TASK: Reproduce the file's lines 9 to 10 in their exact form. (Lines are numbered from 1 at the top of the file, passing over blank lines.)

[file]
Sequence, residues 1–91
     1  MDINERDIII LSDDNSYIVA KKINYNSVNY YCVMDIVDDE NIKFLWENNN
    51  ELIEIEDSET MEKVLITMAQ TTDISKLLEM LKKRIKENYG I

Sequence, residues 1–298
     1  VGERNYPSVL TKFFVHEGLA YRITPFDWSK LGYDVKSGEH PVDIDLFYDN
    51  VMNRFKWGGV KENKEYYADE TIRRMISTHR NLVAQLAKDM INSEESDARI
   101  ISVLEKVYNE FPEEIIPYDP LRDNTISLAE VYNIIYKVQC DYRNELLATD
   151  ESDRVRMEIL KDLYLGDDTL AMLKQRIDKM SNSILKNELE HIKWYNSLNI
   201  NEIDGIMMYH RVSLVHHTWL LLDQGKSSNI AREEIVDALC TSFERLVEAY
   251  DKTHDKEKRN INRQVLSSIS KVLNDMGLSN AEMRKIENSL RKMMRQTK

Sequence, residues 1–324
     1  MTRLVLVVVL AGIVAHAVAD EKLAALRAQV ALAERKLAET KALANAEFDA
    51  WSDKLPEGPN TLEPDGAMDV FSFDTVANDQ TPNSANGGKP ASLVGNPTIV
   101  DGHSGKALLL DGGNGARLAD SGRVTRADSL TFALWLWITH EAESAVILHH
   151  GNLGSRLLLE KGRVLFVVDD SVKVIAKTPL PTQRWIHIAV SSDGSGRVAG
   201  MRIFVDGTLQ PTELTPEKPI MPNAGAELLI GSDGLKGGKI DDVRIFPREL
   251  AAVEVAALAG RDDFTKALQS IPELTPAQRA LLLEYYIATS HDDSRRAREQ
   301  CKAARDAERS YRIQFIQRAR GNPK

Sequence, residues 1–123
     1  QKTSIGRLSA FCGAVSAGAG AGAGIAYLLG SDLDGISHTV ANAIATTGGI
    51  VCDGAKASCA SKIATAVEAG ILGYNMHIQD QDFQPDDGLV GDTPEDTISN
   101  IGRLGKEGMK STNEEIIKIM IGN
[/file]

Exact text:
   201  NEIDGIMMYH RVSLVHHTWL LLDQGKSSNI AREEIVDALC TSFERLVEAY
   251  DKTHDKEKRN INRQVLSSIS KVLNDMGLSN AEMRKIENSL RKMMRQTK